Panic blockers—a word of advice

What’s the safest thing you can do in sword fighting? Surely it’s to block all the time. Surely if you do nothing but block, you’re safer than if you do anything else. Yeah, nah.

So a thing I find many new swordsmen, or many amateur swordsmen, do is block too much. It doesn’t sound like it makes sense, right? How can you block too much? Generally speaking, if your opponent is hitting you, blocking is often one of the best things you can do. However, what many people I like to call “panic blockers” do is they block one strike but then instead of taking advantage of the situation—instead of attack or manipulating their opponent’s blade, they just worry about the next attack coming at them and try to block that instead.

Now, you might think that’s still sound. If someone’s hitting you a second time, you should block it as well, right? Wrong. You should keep yourself safe, yes, but a part of keeping yourself safe is making your opponent fear you. If you block their attack and don’t riposte—or do something equally vicious—you’re basically telling them they can attack you safely with no fear of reprisals. Ironically, what makes a good fencer repeatedly strike at a bad fencer is often because the good fencer realises the bad fencer is just panic blocking. If I know you’re so focussed on not getting hit that you aren’t going to try and hit me, we can keep playing the game of me trying to hit you until I succeed.

It’s basically a paradox. The more you try to protect yourself through only defensive actions, the more aggressive your opponent is likely to be. And the more aggressive they are, the more times you both roll your dice—and if they come up short, the worst case is you block them, but if you come up short, you get hit. And it can become a really bad spiral. Someone who got out-thought once or twice might resort to panic blocking, and then they end up getting attacked more, and then they get hit even more, and then their confidence goes down even further and they get hit even more again. The solution, even when you’re frightened, is to remember a little thing called tempo.

Tempo just means time but within the context of fencing it means a few things. It can mean the principle that whatever you can do in a period of time, I can do that as well—or something that takes just as long. Or, it can be more specific and relate to the time it takes to make an attack. Approximately, if you’re at the right distance and in a good guard, you should have enough time to block someone’s attack when they make it. But tempo also has another nuance to it. We can talk of tempo relative to each opponent. We can say, if someone attacked, it was their tempo, and it implies during this time the opponent should focus on defending themselves. But a principle of many systems is that once one person has attacked, the tempo transitions—if but for a moment—to their opponent. The person being attacked now has half a second to do something aggressive in turn.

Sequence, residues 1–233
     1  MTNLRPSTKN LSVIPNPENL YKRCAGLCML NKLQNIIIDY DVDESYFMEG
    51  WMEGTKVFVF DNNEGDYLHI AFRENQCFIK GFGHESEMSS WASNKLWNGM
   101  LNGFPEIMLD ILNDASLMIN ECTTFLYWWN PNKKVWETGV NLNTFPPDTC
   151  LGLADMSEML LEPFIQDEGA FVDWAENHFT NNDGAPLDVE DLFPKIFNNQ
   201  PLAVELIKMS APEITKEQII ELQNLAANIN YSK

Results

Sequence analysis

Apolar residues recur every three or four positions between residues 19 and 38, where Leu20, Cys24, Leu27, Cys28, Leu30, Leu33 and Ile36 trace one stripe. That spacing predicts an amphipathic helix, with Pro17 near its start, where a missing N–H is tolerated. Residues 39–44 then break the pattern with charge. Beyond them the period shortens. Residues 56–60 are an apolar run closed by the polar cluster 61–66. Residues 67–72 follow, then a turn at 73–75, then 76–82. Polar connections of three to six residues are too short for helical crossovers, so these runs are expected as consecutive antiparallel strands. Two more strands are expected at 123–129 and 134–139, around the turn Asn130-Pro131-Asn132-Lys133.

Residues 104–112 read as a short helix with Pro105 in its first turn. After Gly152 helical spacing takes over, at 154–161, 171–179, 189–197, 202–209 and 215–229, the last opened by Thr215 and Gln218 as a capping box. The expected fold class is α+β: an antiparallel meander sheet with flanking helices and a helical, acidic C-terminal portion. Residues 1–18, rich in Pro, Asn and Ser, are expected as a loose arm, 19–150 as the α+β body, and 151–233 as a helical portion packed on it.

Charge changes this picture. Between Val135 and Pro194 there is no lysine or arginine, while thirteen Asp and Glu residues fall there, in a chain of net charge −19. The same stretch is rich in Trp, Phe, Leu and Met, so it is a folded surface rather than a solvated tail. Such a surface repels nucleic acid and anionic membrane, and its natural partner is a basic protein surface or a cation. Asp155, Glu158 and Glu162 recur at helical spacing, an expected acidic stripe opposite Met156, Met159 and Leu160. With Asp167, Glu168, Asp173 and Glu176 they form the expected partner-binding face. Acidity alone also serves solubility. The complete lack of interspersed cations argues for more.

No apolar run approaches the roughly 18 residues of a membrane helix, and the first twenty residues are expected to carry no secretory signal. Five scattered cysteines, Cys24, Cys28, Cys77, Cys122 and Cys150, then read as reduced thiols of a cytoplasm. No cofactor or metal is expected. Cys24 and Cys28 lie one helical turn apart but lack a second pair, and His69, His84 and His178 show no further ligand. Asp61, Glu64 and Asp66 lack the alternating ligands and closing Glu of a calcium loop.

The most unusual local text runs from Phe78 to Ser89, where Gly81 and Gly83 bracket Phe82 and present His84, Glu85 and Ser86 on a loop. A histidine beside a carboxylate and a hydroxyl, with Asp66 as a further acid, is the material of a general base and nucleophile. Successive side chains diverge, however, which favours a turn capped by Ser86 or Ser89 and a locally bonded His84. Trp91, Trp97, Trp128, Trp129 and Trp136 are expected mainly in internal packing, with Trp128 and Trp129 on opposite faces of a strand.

Rubbish. Some people are just aggressive. That sounds very 18th Century Britain—“You have your attack and then I’ll have mine,” but it’s really not. It’s not about politeness—it’s about energy, and it’s about body mechanics. Roughly speaking, the person who has attacked has probably put more of their body’s potential energy into a kinetic explosion, which is great if it hits but if it doesn’t, they have less energy than their opponent has for a followup. Also, though there are ways you can mitigate this, after an attack you’re usually more vulnerable than your opponent is if they’ve parried correctly. From the original attacker’s perspective—they have good reason to use the next tempo (most of the time) to act defensively—and from the original defender’s perspective—they have good reason to use the next tempo aggressively.

Panic blockers fail to keep this aspect of tempo into account. When someone attacks you and you block it, they’ve given you half a second to try to hit them. If you’re not sure when to attack, if you’re naturally defensive, they’ve given you the answer—a real answer—for when they’re most vulnerable. Now that’s not to say a great swordsman can’t think three or four steps ahead and set you up to fail on your riposte—but generally speaking people who have trained to riposte are going to fare a lot better than those who haven’t. So, to all the panic blockers out there—train yourself out of this as quick as possible. Blocking is great, but if you don’t have a riposte—even a simple riposte, even if you only have one—without it your block may well just set you up to be struck by the next blow.

And yet, to those of you who don’t think you’re a panic blocker—I’ll give this warning I give to myself. Be aware in your next fight, your next few fights—especially against fighters who challenge you—of how often you actually riposte. I find I can see panic blocking in others, much more easily than I can see it in myself…

And to round this off—people can always use footwork instead of blocking or as well as it. That certainly helps. The more tools you have, the harder it is for someone to use one of them against you. But the principle still stands. If all you do is block and retreat—you’ll make an opponent into someone who attacks and charges.

Regarding that old adage “attack is the best form of defence,” well, it isn’t necessarily. But it’s a part of it. I’d rather take a leap from Hegel here and say you have being aggressive and you have being defensive and both are imperfect on their own. What is perfect is the balance of both of them—which will change uniquely for each situation you find yourself in. So get fighting, and carpe tempo.

(Image sourced from the British Museum)

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